Occurrence Again but not Construction--June, 2012

We have had lots of discussions about the magical word "occurrence" and how it has been used to deny losses all over the country. Most cases have involved property damage/completed operations but not all and it seems like carriers are using their court success to push the issue. 

A recent case in VA seems to back this up. Pollution and Climate Change Issues are growing. AES Corp. in Arlington, VA, has been sued regarding climate change liability. Most of us would agree that such a claim is way beyond the realm of coverage under a CGL. The Supreme Court of the state of VA agreed with that and said that the GL carrier (Steadfast Insurance) had no obligation to defend or indemnify AES.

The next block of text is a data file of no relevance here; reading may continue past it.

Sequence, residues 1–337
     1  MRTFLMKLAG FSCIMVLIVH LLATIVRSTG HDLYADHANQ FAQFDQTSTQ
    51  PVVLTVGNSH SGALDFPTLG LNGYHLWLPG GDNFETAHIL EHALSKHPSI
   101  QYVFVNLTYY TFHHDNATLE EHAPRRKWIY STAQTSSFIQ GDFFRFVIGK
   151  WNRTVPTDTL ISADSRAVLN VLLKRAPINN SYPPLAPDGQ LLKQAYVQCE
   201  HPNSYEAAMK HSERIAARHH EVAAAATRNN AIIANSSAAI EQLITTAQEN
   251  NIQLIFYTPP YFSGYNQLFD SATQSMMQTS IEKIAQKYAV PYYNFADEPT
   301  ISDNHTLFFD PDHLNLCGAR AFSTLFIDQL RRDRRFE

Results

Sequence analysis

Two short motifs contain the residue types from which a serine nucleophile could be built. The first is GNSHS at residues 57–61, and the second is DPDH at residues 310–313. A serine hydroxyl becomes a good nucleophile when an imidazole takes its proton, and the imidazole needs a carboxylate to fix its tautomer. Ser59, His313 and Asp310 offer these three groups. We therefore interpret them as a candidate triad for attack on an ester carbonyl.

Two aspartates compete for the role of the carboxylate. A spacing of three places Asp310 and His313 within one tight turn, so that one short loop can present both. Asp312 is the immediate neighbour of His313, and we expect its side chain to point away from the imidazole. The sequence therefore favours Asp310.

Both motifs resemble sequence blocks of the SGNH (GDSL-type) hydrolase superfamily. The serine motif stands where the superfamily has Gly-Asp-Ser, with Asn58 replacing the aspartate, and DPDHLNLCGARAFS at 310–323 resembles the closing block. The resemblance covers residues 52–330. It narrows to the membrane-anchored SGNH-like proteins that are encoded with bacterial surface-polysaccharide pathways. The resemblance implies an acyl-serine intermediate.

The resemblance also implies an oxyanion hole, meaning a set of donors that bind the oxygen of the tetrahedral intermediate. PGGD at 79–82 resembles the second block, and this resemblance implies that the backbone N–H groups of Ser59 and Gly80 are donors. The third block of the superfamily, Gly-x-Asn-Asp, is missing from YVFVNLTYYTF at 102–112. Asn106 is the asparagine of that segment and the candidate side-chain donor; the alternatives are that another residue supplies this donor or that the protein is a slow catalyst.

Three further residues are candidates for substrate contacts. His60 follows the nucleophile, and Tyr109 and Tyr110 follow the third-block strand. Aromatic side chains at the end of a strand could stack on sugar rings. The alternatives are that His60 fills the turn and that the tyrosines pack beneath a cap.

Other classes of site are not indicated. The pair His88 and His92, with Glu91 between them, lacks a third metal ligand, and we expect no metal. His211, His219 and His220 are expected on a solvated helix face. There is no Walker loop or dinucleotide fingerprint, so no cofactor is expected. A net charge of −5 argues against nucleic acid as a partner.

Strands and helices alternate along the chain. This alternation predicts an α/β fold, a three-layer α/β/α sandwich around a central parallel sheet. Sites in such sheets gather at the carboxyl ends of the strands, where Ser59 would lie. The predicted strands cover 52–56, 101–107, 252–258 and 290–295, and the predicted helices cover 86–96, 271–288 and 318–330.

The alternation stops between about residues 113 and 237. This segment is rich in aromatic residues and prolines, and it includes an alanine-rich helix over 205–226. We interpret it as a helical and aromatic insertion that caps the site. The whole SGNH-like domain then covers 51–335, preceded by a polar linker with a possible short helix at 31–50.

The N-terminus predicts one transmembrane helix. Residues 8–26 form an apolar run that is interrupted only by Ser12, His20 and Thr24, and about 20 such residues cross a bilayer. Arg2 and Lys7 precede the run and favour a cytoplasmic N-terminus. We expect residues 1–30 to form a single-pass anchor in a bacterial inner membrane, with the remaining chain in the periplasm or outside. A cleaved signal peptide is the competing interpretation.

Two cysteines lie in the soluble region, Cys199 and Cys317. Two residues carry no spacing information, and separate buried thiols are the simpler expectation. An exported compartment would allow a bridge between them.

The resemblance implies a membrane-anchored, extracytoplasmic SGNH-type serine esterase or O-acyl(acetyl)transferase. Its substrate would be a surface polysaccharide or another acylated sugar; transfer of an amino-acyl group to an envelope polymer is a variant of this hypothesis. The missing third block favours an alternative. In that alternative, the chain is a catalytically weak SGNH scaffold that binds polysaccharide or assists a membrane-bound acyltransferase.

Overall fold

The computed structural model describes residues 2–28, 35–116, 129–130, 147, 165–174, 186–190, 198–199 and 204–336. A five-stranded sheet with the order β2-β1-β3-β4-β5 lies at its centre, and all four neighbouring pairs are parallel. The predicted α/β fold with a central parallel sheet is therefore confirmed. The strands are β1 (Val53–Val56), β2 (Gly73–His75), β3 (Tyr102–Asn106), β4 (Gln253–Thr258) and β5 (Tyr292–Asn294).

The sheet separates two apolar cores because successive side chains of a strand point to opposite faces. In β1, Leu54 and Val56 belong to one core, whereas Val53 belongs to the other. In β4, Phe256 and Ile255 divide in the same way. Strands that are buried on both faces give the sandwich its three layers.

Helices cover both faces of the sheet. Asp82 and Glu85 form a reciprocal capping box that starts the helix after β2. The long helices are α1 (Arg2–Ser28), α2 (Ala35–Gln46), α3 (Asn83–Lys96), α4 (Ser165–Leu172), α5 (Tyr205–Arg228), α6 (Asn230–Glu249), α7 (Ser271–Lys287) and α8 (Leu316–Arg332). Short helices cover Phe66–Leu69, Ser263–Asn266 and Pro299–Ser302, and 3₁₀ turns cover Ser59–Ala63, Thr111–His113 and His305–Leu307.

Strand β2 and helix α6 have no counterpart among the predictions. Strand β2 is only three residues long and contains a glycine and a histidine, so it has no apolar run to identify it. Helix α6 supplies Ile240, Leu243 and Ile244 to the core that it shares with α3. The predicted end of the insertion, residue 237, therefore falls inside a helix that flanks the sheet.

Background--The case involved native Alaskans suing various parties including AES claiming that their activities damaged the village(s) by causing global warming (there are several cases pending in this area). AES looked to Steadfast for defense and coverage and Steadfast said no. It does seem to be a BIG stretch to find coverage but here is what is interesting---Steadfast denied saying that it was not an "occurrence" and therefore the policy never triggered. The VA Supreme Court agreed with that. 

The court agreed that it was not an "occurrence" and therefore the   policy never triggered. While it does seem that CGL polices should not cover these types of losses the court seems to be saying that AES 'knew' that damage would take place. That seems to be quite a stretch. As with too many of these cases the court seems to be equating "accidental" with "intentional" and there is a big difference between those two.

It just seems like the word "occurrence" is being used as a quick and convenient "go to" to deny everything. Not only are carriers doing this but they are going to court and winning. Accidents are not intentional acts. 

If you want to read some more here is a re-cap from a Climate Change BLOG and you might find this BLOG of value in the future.

Climate Lawyers--